“We’re looking at around 80,000 people a year,” says Grae proudly. And with classes consistently full, he’s considering outreach classes in other venues and a new studio at Lake House Arts.
We didn’t discuss the possibility of where such classes might be, but there’s clearly a strong connection, not just with Geoff, but with other venues. Grae did a not-quite-impromptu performance of Coffee with Eelco at The Rose Centre between lockdowns last year, as a fundraiser for the centre, and has offered it to other centres. As a one-man show, it’s highly portable: “I can do it anywhere,” he says.
“Grae has incredible heart and generosity in giving his talent that way,” adds Geoff.
That was Grae’s last acting stint. Macbeth is the first time he’s been part of an ensemble cast in nine years.
“Grae has to step up to do this,” notes Geoff. “It’s like Hamlet. You’ve got to have a decent Macbeth.”
Grae modestly counters that he has the benefit of having played Macbeth a couple of times previously. “I have the basis of a good knowledge of the lines and an understanding of the story”. Director John Goudge, however, is not letting any of the cast, including Grae, reprise previous performances. The hardest thing for Grae has been “letting go of preconceived ideas as I’ve conceptualised and staged [Macbeth] more than once. It can be a challenge to realise someone else’s creative vision.” Since rehearsals started in June, he’s had to put in “hours and hours” of work.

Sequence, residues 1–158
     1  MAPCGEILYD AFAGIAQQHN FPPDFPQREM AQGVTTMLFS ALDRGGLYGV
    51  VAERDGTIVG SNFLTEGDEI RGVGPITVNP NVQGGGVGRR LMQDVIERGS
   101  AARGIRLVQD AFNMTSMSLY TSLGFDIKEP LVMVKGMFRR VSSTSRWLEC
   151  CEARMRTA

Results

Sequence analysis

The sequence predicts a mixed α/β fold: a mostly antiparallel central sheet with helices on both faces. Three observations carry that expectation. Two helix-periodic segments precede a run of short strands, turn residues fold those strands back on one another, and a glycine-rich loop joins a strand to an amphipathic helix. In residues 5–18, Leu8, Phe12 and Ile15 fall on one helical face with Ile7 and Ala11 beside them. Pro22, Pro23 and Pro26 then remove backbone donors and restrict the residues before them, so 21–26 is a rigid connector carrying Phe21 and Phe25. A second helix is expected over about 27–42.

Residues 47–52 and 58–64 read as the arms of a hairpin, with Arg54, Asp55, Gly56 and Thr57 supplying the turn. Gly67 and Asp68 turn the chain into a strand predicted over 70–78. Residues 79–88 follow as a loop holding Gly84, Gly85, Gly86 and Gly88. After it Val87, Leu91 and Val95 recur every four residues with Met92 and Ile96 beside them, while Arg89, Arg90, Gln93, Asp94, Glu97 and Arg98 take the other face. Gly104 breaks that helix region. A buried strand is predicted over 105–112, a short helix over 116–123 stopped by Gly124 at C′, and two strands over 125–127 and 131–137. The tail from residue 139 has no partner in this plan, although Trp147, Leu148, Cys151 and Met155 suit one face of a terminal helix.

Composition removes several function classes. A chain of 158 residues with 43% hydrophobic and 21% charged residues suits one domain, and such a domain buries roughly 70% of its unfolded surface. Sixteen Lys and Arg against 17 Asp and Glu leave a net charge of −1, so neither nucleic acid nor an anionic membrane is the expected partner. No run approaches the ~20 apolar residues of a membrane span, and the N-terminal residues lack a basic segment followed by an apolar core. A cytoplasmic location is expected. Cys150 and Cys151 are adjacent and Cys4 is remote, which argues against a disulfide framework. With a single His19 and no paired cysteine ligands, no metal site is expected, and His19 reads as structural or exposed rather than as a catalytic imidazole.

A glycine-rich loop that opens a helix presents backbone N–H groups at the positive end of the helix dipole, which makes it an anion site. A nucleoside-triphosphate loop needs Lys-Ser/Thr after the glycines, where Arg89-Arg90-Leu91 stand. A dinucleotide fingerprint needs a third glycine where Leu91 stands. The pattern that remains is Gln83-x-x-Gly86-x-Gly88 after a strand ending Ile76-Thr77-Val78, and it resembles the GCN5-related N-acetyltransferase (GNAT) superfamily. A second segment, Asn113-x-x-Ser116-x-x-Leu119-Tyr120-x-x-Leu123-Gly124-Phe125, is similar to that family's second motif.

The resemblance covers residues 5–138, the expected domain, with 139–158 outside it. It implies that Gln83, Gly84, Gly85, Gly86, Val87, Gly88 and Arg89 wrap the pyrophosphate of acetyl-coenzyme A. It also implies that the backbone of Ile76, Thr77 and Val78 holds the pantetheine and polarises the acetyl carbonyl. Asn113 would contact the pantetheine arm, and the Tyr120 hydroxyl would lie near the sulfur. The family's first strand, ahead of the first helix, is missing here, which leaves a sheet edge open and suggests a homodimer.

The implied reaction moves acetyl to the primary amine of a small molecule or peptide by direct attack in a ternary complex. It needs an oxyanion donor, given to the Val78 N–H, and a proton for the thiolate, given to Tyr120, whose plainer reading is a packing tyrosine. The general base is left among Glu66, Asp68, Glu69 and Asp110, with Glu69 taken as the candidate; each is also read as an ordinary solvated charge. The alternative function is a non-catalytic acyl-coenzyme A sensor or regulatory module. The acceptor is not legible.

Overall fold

It’s not only Grae’s but also the audience’s preconceived ideas that may “turned on their heads” by the approach the director is taking – it’s “darkly comic”, says Geoff.
“We’re not playing it for laughs,” Grae clarifies, “but it’s a twisted play and John is bringing out [that aspect].”
Macbeth by William Shakespeare, (New dates October 29th to November 12th), Pitt Street Theatre, 78 Pitt Street, Auckland. Director: John Goudge, producer: Geoff Allen; Macbeth: Grae Burton, Lady Macbeth: Catherine Falstie-Jensen.